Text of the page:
Double Victory: Minorities and Women During World War II
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Boris III, Tsar of Bulgaria (1894–1943)

King of Bulgaria whose country, though nominally an Axis power, remained autonomous throughout the war years. Boris III was born Boris Klemens Robert Maria Pius Ludwig Stanislaus Xaver, prince of Saxe-Coburg and Gotha, duke of Saxony, and prince of Tirnovo, at the royal palace in Sofia on 30 January 1894. His father was the bombastic and Machiavellian Tsar Ferdinand, who had been ruling since 1887. His mother, Princess Maria Luisa of Bourbon Parma, died while giving birth to his youngest sibling. Boris was educated by palace tutors and married Princess Giovanna of Savoy, daughter of King Victor Emmanuel III of Italy, in 1930. They had two children, Maria Luisa and Crown Prince Simeon.

Boris rose to power following his father's abdication on 3 October 1918, at the end of World War I. Bulgaria was then in desperate straits. The 1919 Treaty of Neuilly involved loss of territory and the payment of reparations. As a consequence of his country's many problems, Boris experienced an exceptionally stormy reign. The 1920s were filled with internal political strife, and economic problems forced Bulgaria to depend on Germany for supplies.

Boris favored a neutralist course for his country. He proved to be an adept diplomat and an intelligent yet cautious leader who was genuinely respected by his people for his skillful handling of the many problems besetting the kingdom. He was an unwilling junior partner in the Axis alliance during World War II. Pressured into joining the alliance by Germany, Boris regained the southern Dobruja region from Romania in 1940, which led to his being known as the "King Unifier" and the "Liberator Tsar."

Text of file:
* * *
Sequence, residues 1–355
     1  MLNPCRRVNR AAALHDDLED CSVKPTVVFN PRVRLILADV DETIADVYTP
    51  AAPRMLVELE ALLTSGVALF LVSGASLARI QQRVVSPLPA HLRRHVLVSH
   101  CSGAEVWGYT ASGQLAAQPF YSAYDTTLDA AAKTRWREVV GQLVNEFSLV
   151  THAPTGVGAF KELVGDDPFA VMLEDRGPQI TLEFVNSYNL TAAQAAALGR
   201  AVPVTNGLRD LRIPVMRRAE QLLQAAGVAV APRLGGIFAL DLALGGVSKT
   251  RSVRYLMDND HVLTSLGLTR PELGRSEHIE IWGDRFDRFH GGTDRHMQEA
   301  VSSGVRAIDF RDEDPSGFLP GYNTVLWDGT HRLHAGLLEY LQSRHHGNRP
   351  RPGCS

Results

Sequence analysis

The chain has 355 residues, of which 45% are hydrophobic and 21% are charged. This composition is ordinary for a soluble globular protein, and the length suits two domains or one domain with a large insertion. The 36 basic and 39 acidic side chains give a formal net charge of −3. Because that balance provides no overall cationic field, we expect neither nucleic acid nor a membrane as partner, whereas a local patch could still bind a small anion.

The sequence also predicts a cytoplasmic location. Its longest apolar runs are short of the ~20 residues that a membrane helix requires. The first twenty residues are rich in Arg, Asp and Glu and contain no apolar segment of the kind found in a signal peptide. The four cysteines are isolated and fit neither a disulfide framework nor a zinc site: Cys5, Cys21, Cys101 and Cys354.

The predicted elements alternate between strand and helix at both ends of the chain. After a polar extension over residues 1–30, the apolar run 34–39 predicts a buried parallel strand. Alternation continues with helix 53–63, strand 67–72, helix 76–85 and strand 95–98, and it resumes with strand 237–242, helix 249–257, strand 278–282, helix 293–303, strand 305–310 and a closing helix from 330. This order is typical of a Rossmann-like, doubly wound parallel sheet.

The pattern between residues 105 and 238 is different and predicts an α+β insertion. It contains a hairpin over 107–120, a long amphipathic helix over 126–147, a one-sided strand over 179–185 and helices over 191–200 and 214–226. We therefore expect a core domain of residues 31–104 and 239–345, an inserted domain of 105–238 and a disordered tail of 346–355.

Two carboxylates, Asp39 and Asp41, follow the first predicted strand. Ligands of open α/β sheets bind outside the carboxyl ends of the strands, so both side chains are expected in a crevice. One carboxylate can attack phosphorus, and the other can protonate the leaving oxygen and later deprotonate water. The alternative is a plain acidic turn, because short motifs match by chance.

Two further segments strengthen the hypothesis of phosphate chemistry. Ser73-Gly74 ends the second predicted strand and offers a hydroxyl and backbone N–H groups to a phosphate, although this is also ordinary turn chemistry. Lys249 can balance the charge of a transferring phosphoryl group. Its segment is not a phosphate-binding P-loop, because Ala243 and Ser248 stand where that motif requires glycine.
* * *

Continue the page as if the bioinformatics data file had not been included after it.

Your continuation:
By 1941, Boris had little choice but to commit to the Axis powers and allow German troops to cross through his country en route to the Soviet Union. Unlike the other Balkan states, Bulgaria remained autonomous during the war. Although it did not invade Yugoslavia or Greece, its troops did garrison parts of Macedonia and western Thrace. In December, Bulgaria declared war on the United States and Britain, but Boris infuriated Adolf Hitler by withholding Bulgarian troops from the war effort and refusing to declare war on the Soviet Union or send Bulgarian Jews to the death camps. His actions helped save 50,000 Jews. Boris and Giovanna also arranged for transit visas permitting thousands of other Jews to go to Palestine.

Boris's continuous obduracy regarding German policies led to a stormy meeting with Hitler at the latter's Wolfsschanze headquarters near Rastenburg on 14 August 1943, in which Boris bluntly said that Bulgaria would follow its own path. He returned to Sofia depressed over the probable eventual fate of his country. Boris died at the royal palace in Sofia two weeks later, on 28 August 1943, most likley from an embolism, although there were suspicions he had been poisoned. A regency then took power on behalf of the underage King Simeon II, who reigned until he was deposed on 9 September 1946.

Annette Richardson

Further Reading
Crampton, R. J. A Concise History of Bulgaria. Cambridge: Cambridge University Press, 1997.; Groueff, Stephan. Crown of Thorns: The Reign of King Boris III of Bulgaria, 1918–1943. Lanham, MD: Madison Books, 1987.; Lalkov, Milcho. Rulers of Bulgaria. Sofia: Kibea Publishing, 1997.

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